NCL Website header
NCL Home > Documentation > Functions > General applied math

esacv

Computes sample auto-covariances

Prototype

	function esacv (
		x         : numeric,  
		mxlag [1] : integer   
	)

	return_val  :  numeric

Arguments

x

An array of any numeric type or size. The rightmost dimension is usually time.

mxlag

A scalar integer. It is recommended that 0 <= mxlag <= N/4. This is because the correlation algorithm(s) use N rather than (N-k) values in the denominator (Chatfield Chapter 4).

Return value

An array of the same size as x except that the rightmost dimension has been replaced by mxlag+1. Double if x is double, float otherwise.

Description

Computes sample auto-covariances using the equations found in Chatfield [The Analysis of Time Series, 1982, Chapman and Hall]. Missing values are allowed

Algorithm: Here, q(t) and q(t+k) refer to the rightmost dimension. k runs from 0 to mxlag.

     c(k) = SUM [(q(t)-qAve)*(q(t+k)-qAve)]/(N-1)      ; auto
     
The dimension sizes(s) of c are a function of the dimension sizes of the x and y arrays. The following illustrates dimensioning:

        x(N), y(N)          c(mxlag)
        x(N), y(K,M,N)      c(K,M,mxlag)
      x(I,N), y(K,M,N)      c(I,K,M,mxlag)
    x(J,I,N), y(L,K,M,N)    c(J,I,L,K,M,mxlag)
    
special case when dimensions of all x and y are identical:
    x(J,I,N), y(J,I,N)      c(J,I,mxlag)
    
When calculating lag auto-covariances, Chatfield (pp. 60-62, p. 173) recommends using the entire series (i.e. all non-missing values) to estimate mean and standard deviation rather than (N-k) values. The reason is better mean-square error properties.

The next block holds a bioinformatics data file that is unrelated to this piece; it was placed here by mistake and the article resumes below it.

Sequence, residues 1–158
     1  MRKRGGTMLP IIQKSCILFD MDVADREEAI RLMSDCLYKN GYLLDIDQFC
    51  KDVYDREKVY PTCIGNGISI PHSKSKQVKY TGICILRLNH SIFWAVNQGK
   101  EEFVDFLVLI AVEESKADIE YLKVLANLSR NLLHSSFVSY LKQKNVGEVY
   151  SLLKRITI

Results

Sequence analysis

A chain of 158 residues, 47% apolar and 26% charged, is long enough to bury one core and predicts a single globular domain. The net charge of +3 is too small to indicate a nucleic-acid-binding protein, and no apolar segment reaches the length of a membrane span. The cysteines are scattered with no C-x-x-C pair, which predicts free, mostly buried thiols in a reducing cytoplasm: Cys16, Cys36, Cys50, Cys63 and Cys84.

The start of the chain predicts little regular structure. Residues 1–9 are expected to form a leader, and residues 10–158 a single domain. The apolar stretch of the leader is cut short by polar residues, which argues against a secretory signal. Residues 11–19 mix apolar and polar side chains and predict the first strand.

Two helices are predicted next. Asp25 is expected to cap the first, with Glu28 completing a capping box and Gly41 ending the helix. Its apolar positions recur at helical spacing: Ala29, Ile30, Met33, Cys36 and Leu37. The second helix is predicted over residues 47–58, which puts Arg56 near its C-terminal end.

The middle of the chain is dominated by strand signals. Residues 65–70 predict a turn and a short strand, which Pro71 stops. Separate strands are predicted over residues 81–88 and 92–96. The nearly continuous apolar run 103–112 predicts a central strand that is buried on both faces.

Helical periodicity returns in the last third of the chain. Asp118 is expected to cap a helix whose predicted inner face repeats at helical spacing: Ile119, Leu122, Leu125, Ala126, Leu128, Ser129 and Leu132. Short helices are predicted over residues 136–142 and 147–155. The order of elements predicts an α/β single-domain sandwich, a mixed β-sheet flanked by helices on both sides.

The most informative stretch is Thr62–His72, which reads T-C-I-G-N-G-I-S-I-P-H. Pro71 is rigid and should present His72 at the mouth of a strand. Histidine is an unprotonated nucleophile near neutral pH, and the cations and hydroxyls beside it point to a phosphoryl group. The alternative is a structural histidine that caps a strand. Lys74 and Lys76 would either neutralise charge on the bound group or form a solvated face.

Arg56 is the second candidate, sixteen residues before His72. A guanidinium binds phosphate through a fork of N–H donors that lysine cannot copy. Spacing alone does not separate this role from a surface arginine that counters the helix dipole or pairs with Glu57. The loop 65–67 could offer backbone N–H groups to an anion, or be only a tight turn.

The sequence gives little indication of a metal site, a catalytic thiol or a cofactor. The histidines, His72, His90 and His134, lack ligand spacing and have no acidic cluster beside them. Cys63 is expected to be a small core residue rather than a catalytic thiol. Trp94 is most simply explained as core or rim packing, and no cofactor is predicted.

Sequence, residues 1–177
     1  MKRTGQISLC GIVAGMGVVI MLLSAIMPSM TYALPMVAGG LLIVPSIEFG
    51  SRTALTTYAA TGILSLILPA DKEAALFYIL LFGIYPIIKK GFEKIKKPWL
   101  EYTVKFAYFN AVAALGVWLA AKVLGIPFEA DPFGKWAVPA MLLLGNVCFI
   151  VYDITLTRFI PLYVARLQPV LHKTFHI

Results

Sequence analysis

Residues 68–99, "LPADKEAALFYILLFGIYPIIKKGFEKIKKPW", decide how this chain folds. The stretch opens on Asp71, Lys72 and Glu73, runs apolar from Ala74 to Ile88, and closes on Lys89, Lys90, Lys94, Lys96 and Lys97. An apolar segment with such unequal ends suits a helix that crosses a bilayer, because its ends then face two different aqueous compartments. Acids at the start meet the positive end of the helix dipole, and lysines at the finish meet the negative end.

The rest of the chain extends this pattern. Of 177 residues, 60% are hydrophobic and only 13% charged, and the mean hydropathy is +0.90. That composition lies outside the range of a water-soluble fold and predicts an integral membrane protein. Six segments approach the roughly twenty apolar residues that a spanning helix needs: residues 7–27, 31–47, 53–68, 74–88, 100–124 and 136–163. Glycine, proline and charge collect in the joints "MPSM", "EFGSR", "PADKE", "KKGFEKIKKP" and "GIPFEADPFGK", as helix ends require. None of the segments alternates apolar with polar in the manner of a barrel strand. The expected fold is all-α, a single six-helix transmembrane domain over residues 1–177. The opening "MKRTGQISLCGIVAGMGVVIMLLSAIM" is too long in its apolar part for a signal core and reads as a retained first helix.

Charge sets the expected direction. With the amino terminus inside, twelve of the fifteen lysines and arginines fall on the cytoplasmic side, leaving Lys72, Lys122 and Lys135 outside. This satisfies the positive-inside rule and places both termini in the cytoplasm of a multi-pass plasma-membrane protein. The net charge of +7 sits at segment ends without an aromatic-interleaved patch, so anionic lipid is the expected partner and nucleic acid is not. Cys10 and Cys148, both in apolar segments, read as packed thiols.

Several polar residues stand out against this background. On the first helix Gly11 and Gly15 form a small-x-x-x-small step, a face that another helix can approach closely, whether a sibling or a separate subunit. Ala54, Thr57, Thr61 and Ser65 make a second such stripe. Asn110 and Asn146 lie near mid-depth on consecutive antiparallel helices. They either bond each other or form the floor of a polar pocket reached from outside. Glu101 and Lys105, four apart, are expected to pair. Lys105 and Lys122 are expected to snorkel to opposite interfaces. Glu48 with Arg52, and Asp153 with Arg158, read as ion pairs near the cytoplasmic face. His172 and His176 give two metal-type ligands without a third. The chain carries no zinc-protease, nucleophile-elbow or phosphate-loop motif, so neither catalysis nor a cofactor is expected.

There are trade-offs to be made. For example, it is possible that covariance coefficients calculated using qAve and qStd based on the entire series can lead to covariance coefficients that are > 1. or < -1. This is because the subset (N-k) points might be a series with slightly different statistical characteristics.

See Also

esacr, esccr, esccv, escorc, escorc_n, escovc

Examples

Example 1

The following will calculate the auto-covariance for a one dimensional array at 11 lags (0->10). The result is a one-dimensional array of length 11.

        acv = esacv(x,10)   ; acv(0:10)
     
Example 2: The following will calculate the auto-covariance for a three-dimensional array x(nlat,nlon,time) at mxlag + 1 lags (0->mxlag). The result is a three-dimensional array of size(nlat,nlon,mxlag+1)
     mxlag = 10
     acv   = esacv(x,mxlag) ; acv(nlat,nlon,mxlag+1)